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Green & Yellow Stool in Toddlers

author image Regan Hennessy
To Whom It May Concern: I am an avid writer who is also a work-at-home mom. As the stay-at-home parent of three active boys, it is my goal to be able to spend quality time with my family while also making a living working from home. Currently, I tutor online and do office transcriptions, with occasional freelance jobs; however, my dream is to be able to write from home full-time. I would love to be able to do that with Demand Studios. The writing sample that I have attached is part of a series of articles that I wrote for a freelance project about small farming. As a person who was raised on a family farm and who worked on a farm during summers in college, I am also qualified to write about farms and homesteading, in addition to those topics that I selected. I look forward to hearing from you regarding my application. Please let me know if you have any questions and have a wonderful day! Sincerely, Rachael A Clements
Green & Yellow Stool in Toddlers
Green and yellow stool may arise from the foods your toddler eats.

In an effort to protect and care for their children, many parents monitor the color of their toddlers’ bowel movements. In certain cases, green and yellow stool may develop from normal causes, but could also indicate a problem. Learn the facts about discolored stool in toddlers, including possible causes, potential complications and when it calls for a visit to your doctor.

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The Facts

The colors of your toddler’s normal bowel movements often arise from the foods she eats. According to Theresa Kyle, certified pediatric nurse practitioner and author of the book “Essentials of Pediatric Nursing,” normal colors include brown, orange, yellow and green. When toddlers consume regular table fare, the foods they eat often make an encore appearance in the diaper or toilet, and chunks of food, such as corn or peas, could lend an increased yellow or greenish tint to your toddler’s stool. Similarly, foods rich in chlorophyll--think green veggies--may lead to stool that has a green appearance. According to Kyle, this feature of toddler stool arises from your child’s immature intestines.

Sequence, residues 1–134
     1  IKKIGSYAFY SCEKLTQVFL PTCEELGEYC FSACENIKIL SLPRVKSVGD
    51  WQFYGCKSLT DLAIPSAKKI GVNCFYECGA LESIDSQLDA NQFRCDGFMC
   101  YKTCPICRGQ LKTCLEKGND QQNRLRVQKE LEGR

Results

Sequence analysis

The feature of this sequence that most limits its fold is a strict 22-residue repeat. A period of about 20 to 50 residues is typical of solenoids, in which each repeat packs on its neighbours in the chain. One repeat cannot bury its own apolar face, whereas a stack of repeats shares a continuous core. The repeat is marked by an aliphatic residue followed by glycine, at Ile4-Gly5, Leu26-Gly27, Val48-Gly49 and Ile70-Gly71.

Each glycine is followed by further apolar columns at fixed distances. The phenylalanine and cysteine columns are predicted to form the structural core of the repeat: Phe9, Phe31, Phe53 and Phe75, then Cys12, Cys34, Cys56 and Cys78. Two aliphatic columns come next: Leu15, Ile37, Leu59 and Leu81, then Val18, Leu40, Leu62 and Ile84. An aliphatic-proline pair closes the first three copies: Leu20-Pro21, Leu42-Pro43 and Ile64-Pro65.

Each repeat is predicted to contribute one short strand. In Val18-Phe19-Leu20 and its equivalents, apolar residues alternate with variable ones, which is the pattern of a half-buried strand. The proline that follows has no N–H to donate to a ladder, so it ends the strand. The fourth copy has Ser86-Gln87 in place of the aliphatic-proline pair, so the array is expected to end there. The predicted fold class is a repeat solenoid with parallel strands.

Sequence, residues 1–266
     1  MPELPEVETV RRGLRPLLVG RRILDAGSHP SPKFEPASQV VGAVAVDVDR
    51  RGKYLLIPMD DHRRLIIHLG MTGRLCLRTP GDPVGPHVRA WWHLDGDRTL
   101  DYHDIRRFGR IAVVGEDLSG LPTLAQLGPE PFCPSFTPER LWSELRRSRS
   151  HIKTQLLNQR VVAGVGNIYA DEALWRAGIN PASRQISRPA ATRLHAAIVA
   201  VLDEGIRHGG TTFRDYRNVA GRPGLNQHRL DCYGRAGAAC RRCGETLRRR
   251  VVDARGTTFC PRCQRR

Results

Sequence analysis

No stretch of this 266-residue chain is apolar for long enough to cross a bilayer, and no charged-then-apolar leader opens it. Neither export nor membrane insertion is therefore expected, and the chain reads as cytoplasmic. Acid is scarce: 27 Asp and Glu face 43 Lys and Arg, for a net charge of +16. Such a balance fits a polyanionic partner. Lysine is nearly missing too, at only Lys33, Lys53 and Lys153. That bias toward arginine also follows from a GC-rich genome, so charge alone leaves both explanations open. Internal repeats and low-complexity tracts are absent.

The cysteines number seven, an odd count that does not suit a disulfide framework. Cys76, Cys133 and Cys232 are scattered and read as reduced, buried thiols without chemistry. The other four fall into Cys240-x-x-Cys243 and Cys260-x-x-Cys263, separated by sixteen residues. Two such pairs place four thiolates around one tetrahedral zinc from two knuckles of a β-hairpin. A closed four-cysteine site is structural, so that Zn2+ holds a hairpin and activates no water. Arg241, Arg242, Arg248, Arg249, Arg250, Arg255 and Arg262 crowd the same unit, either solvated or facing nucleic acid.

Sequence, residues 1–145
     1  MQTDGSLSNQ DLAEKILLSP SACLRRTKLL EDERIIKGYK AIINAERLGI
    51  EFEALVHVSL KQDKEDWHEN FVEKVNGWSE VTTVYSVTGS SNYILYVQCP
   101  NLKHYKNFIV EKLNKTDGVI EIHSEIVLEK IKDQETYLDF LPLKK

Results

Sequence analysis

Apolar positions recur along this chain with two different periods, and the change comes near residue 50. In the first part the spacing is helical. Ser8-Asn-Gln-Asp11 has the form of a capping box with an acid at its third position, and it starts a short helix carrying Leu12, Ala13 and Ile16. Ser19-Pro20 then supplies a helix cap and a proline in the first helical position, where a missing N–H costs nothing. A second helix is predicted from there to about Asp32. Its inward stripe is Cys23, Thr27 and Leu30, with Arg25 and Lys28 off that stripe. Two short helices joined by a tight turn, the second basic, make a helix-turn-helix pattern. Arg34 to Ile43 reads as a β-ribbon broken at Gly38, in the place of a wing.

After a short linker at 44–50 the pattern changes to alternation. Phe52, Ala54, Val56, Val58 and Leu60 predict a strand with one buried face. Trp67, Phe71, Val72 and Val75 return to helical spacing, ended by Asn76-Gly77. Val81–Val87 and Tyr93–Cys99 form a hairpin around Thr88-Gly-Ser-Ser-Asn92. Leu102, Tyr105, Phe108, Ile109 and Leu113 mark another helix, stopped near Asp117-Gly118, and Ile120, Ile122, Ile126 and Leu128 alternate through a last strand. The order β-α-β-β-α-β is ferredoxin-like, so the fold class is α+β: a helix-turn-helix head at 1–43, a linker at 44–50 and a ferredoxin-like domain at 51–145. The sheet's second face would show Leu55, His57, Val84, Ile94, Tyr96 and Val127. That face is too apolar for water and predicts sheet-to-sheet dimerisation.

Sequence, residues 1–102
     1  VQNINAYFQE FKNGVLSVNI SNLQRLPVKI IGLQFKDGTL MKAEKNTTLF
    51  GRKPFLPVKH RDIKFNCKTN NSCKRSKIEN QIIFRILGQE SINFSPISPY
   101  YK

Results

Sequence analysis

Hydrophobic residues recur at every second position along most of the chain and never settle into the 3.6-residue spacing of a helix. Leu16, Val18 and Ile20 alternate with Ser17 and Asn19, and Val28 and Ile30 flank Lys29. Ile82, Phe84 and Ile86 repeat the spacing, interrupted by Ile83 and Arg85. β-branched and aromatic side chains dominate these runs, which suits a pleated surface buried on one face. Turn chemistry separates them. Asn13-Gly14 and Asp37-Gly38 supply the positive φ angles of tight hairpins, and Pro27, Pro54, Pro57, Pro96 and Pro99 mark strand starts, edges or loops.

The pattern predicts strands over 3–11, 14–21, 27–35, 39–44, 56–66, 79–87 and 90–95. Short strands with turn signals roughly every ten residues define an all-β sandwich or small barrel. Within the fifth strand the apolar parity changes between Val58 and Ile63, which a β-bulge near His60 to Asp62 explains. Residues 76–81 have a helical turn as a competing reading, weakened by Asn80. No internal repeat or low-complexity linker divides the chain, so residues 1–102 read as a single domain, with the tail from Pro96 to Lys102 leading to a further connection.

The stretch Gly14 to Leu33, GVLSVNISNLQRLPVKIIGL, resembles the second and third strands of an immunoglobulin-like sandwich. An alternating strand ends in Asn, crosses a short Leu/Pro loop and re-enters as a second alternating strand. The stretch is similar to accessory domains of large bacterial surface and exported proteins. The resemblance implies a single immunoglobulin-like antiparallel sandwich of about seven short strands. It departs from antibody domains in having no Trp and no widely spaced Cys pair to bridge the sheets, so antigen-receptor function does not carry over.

The consistency and frequency of your toddler’s stool play a key role in helping you determine if green and yellow bowel movements are cause for alarm. Normal toddler bowel excretions could vary in consistency from being slightly mushy to being well-formed. Depending upon his daily patterns and bowel habits, your toddler could pass stool as frequently as twice daily or as infrequently as once weekly and still be healthy, notes Dr. Michael Roizen, coauthor of “Raising Your Child.” Regardless of color, thin or water-like stool that occurs three times or more daily generally indicates diarrhea.

Time Frame

Bouts with gastroenteritis typically cause most instances of green or yellow diarrhea in toddlers. These short-term intestinal infections arise from various viruses and bacteria. In addition to diarrhea, symptoms generally include nausea, vomiting and abdominal cramps. Less common symptoms are chills, sweating, fever, muscle aches and lack of appetite. According to Medline Plus, rotavirus is responsible for more cases of severe gastroenteritis in children than any other virus or bacteria. In most instances, this diarrhea should not last more than two or three days. Severe cases require medical attention, especially if your toddler develops complications.


Ongoing or off-and-on loose green and yellow stool in toddlers might indicate a malabsorption disorder. This type of health condition occurs when your toddler is unable to properly digest or absorb certain nutrients from the intestinal tract. Malabsorption disorders include lactose intolerance and celiac disease. A malabsorption disorder may result in gradual weight loss and could cause various other symptoms, including diarrhea, abdominal pain, gas, bloating, irritability and blood-tinted stools. Talk to your doctor if you suspect your child may have symptoms of a malabsorption disorder.


Diarrhea could lead to dehydration, so watch your toddler carefully if she develops unusual amounts of loose, watery green or yellow stool. Possible signs of dehydration may include decreased wet diapers, sunken eyes, dry mouth or tongue, lack of tears when crying and excessive sleepiness or fatigue. In toddlers, these signs could be dangerous and generally require prompt medical attention. Prevent possible dehydration by providing your diarrhea-stricken toddler with plenty of clear fluids. Oral electrolyte solutions work particularly well, since they provide your child with essential salt, minerals and sugar.

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  • “Essentials of Pediatric Nursing”; Theresa Kyle, MSN, CPNP; 2007
  • “Raising Your Child”; Dr. Michael Roizen & Dr. Mehmet Oz; 2010
  • Medline Plus: Viral Gastroenteritis
  • “Baby Body Signs”; Joan Liebmann-Smith & Jacqueline Nardi Egan; 2010
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